About Me

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Ovarian cancer will be diagnosed in 1 of 72 women; 14,000 will die. Please know the symptoms and risk factors: read Outshine: An Ovarian Cancer Memoir. Books at www.amazon.com. ALL PROCEEDS GO TO GYNECOLOGIC CANCER RESEARCH. I am a member of Rave Reviews Book Club and Rave Writer's International Society of Authors, and Patient Leadership Council for Tesaro, Inc. I WILL NOT USE YOUR EMAIL ADDRESS FOR ANY OTHER PURPOSE THAN CONTACTING YOU DIRECTLY. ALL ORIGINAL CONTENT COPYRIGHT 2011 THROUGH 2018.

Friday, December 16, 2011

To Chemo or Not to Chemo

Some people have been surprised that I chose to receive chemotherapy after my cancer diagnosis. Others have asked if I regret that decision. There was a time in my life when I did not think I would ever let such a poison into my body. However, after discussing it with my oncologist, husband, and my own research, I knew I "wanted" and needed chemotherapy.

I was fortunate that my side effects from the Taxol and Carboplantin were relatively tolerable. Hair loss and weakness were the worst. While I received these toxic medications, and afterwards while I meditated, I visualized the medication's molecules acting like a "Pac-man" destroying the cancer cells; I visualized my healthy cells being strong and surrounded by a white light; and I used my breath to move healing energy through every part of my body. I follow the practice of daily meditation even today while I celebrate my third year of remission. I also believe that good nutrition, loving support, and humor were also important factors in helping my body defend itself from the cancer.

I respect and support the decision each person makes regarding to choose chemotherapy or not. There are many studies which provide data to help a person to make their decision. There are many success stories of those people who chose the natural, holistic, or non-chemo path. What may be right for one person, may not be right for another.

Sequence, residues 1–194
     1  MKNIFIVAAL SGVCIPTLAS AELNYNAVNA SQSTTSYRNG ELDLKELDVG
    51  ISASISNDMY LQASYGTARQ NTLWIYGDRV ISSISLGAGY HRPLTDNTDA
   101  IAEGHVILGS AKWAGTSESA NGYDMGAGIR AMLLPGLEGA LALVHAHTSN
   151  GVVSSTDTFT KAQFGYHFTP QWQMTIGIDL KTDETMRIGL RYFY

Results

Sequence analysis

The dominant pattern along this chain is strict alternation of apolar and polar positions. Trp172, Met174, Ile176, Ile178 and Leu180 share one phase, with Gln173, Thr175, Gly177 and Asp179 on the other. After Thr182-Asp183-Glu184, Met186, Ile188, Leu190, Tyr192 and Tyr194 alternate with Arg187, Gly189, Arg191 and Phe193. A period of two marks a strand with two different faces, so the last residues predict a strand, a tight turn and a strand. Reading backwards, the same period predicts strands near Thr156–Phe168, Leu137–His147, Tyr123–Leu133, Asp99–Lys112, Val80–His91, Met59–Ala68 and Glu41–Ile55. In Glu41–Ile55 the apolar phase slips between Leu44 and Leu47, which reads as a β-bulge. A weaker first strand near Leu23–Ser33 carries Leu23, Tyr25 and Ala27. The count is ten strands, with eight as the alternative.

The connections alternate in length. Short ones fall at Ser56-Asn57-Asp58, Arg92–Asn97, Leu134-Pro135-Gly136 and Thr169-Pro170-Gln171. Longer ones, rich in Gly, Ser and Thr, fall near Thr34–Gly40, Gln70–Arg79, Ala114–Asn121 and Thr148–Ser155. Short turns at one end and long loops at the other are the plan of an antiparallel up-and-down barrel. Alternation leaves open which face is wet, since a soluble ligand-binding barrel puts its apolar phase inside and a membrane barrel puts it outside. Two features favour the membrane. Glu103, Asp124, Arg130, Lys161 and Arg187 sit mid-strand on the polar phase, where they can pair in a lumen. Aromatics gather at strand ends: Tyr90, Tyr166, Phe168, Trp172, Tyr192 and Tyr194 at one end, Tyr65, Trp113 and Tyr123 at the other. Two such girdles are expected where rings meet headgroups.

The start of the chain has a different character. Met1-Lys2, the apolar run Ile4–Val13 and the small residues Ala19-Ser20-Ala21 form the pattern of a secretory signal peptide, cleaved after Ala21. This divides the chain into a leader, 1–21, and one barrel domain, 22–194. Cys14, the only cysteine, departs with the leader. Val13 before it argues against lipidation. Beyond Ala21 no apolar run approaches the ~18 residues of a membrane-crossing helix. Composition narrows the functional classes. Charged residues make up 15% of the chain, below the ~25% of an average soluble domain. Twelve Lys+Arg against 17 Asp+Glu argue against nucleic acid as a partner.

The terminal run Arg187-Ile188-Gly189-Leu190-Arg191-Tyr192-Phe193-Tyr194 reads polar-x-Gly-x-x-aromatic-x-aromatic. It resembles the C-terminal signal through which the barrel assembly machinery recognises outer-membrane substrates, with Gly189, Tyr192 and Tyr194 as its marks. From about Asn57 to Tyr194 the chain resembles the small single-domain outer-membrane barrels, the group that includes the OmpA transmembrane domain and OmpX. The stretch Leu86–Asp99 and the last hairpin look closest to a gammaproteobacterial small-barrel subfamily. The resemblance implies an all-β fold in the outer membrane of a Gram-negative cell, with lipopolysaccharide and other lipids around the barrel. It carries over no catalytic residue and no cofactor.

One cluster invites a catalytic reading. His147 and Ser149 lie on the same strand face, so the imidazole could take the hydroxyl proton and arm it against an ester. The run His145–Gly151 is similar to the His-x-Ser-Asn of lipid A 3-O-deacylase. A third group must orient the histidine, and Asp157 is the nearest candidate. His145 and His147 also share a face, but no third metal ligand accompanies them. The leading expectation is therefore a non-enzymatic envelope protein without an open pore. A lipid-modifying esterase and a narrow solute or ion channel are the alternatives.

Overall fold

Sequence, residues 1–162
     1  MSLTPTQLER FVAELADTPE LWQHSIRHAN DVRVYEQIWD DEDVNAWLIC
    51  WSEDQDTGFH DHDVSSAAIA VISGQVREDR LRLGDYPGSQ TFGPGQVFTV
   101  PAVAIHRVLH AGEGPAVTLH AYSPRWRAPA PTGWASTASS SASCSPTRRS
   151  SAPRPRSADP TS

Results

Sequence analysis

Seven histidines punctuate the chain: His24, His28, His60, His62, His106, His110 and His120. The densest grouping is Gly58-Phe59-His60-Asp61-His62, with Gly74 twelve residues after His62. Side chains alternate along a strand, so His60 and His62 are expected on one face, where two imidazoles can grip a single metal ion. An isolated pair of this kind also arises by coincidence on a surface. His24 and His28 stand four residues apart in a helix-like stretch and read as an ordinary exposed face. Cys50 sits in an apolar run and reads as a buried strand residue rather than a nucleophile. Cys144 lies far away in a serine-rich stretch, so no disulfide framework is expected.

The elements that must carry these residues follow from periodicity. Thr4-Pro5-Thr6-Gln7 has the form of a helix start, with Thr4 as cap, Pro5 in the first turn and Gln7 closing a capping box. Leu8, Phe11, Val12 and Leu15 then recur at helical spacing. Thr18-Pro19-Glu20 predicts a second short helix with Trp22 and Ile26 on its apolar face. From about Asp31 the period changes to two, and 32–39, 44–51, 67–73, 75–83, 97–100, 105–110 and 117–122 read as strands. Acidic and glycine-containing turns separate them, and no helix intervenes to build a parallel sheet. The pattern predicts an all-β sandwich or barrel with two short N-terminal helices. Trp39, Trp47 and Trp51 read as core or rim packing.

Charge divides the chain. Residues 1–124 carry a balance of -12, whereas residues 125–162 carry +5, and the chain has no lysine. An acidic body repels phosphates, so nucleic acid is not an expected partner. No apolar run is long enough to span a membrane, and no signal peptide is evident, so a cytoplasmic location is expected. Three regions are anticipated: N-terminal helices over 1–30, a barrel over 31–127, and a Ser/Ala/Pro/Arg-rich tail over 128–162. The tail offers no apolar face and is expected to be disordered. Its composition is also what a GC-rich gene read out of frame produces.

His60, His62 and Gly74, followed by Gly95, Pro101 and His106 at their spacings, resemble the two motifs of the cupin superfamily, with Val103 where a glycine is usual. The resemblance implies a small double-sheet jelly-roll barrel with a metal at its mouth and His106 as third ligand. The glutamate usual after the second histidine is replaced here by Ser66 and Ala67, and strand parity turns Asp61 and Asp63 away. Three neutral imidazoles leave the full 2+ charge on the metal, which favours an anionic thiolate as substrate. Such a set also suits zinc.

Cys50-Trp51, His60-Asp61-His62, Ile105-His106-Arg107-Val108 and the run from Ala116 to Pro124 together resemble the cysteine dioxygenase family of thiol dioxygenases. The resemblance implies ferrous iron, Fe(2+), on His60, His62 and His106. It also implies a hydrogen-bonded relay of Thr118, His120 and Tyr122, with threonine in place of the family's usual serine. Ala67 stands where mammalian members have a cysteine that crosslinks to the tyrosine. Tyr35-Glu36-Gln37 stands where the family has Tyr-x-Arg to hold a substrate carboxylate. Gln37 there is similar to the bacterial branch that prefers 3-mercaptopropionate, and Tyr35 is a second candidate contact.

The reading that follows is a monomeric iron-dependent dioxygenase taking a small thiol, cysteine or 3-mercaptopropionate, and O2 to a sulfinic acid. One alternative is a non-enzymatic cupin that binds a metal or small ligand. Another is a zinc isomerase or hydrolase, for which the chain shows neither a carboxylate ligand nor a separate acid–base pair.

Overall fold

I welcome you to share your thoughts and experiences regarding the choice to chemo or not to chemo.


  1. I never considered chemo as "poison" or anything negative. I just saw it as a tool to use to get me better. We started with a drug that basically has no side effects and over time went on to the stronger meds. It was that strong med that tipped me over into remission. I have paid the price in the loss of alot of mental cognition, but I can work to get that back. Already I've gone from 60% of my total cognition to 80-90% in about 6 months!

    I really applaud your path through cancer. You seemed to maintain your grace and strength. And whole heartedly agree that it is an individual choice.

  2. Hi Karen, I found you in the whisper network (KC?) and tried to search for your blog. I was diagnosed with stage IV ovarian cancer in June 2011, had a major debulking operation in July and chemo treatment starting August till December. My blood test in January and the ctscans were good and I should be ecstatic! But I still find myself anxious at times, there are still nights when I can't sleep.

    So many people have supported me after knowing of my condition. SO many people praying for me. I realized not just my family and friends but their friends too that I really feel so blessed.

    People who see me tell me I look great. I am bald at the moment so I tell them to just call me BBB... that is beautiful bald beth :-)

    People who see me tell me I inspire them being so positive and full of faith. Of course they don't really see me all the time but I guess I am like any other who has the disease -- there will always be moments of doubts... and it seems to be creeping in lately that i started looking for people that shares my experience for support.

    Maybe I get to read your book when it comes out!
    Take care and God bless